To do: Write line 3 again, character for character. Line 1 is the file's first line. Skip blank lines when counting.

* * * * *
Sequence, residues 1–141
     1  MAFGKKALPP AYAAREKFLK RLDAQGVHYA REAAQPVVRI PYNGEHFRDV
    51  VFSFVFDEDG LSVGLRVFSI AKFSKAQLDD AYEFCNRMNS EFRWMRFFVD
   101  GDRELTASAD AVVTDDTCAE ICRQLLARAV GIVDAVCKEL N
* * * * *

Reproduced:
    51  VFSFVFDEDG LSVGLRVFSI AKFSKAQLDD AYEFCNRMNS EFRWMRFFVD